Developing a strategic plan requires the entire medical group to make a firm commitment to partake in the planning process and established strategies. Physician leaders and medical group administrators will need to devote time and resources to pre-strategic planning, strategic planning and post-strategic planning activities. These steps are necessary to understand where the group is now, where it wants to go and how it plans to get there.
What’s the best way to plan for our future?
When embarking on the strategic planning process, it helps to seek input about the group from staff and providers. In the past, to gather feedback, I’ve designed written questionnaires for staff and providers to complete, which has been especially helpful in groups with many providers.
Some guiding questions to help address your organizational needs include:
- What’s the ideal size of our practice? Do we want to grow? How large?
- Should the group develop formal relationships with other medical groups, hospitals or insurance companies?
- What impact does our size have on our group’s success?
- What impact does our size have on the hospital/health system and with other medical groups?
- How do our plans impact our recruitment and retention strategies?
- Do we have sufficient resource data to make intelligent decisions?
- Are capital resources adequate to achieve optimum size?
- Do we have the leadership team (physician and nonphysician) to lead our divisions?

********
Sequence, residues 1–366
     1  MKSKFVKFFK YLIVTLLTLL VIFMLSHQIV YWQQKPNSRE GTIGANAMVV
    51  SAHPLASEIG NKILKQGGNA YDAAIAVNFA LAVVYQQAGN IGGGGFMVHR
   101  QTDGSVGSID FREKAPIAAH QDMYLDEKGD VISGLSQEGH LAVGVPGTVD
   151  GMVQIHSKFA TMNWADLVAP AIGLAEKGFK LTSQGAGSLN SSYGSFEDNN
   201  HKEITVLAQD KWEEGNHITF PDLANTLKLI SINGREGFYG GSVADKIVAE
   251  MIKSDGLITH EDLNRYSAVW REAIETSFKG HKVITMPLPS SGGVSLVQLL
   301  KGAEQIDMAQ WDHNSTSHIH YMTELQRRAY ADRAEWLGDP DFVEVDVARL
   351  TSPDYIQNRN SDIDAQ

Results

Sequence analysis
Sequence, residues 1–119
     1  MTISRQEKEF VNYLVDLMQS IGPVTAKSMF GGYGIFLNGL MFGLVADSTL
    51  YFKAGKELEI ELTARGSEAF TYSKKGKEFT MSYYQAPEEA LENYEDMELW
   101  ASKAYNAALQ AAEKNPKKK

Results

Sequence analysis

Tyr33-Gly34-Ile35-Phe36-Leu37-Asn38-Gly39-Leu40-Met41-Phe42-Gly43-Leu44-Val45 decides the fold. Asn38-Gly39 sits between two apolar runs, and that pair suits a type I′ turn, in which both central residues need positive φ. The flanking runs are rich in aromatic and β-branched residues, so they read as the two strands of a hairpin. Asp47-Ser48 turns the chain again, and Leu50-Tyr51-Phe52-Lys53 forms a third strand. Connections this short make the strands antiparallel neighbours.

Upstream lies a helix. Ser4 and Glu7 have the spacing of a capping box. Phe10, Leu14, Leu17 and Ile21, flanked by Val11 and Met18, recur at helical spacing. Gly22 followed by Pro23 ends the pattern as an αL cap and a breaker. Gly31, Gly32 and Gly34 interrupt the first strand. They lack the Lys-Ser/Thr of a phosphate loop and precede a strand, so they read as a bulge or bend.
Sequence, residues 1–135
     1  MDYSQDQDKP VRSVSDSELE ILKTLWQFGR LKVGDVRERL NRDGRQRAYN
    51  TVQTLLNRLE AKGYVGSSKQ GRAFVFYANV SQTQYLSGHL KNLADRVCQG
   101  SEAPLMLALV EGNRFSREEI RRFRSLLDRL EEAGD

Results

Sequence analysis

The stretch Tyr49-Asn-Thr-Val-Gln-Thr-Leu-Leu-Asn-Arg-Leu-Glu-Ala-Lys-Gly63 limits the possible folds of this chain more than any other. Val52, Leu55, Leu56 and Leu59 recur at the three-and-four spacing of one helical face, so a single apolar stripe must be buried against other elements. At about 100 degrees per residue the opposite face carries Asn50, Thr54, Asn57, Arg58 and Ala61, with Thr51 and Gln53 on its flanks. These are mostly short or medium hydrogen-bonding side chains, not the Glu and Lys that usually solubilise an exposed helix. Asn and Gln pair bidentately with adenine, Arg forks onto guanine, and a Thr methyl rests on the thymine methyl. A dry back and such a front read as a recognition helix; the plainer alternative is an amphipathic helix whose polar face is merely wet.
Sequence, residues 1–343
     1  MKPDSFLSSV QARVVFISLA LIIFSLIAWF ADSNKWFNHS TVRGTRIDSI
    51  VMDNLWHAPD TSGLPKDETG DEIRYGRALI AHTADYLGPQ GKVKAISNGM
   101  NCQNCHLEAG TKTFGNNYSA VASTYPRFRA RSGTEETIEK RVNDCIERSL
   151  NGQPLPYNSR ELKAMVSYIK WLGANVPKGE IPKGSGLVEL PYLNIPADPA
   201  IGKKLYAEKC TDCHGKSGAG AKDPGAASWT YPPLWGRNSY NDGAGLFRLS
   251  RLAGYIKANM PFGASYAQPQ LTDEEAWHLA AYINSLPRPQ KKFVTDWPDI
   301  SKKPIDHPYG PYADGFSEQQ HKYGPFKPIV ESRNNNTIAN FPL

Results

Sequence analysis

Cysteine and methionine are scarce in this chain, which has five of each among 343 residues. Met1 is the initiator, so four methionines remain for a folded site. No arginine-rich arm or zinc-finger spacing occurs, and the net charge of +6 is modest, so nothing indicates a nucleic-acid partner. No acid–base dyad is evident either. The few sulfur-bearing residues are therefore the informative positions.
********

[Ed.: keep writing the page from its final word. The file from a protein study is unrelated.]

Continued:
- Do we allocate the necessary time for strategic planning activities?
Once you have a clear perspective on the direction you’re headed, set aside time for the actual strategic planning facilitation or retreat. Make sure to include board members, managing partners, executive committee members and the practice administrator, but do your best to limit the number of participants to 15. This will help ensure that you have a productive strategic planning session. And set aside plenty of time to be thorough—devote an entire day or evening session to this critical group process.
Don’t forget to set measurable objectives in the process. This way, your group can look back in a year or two and revisit how far you’ve come and whether you’ve achieved the many things you set out to accomplish.
While it may be challenging to assess the practice and pinpoint a clear direction for its future, strategic planning can help assess where you are now, where you want to go and how you plan to reach your goals.
PrincipalMGMA Healthcare Consulting Group Englewood, Colo.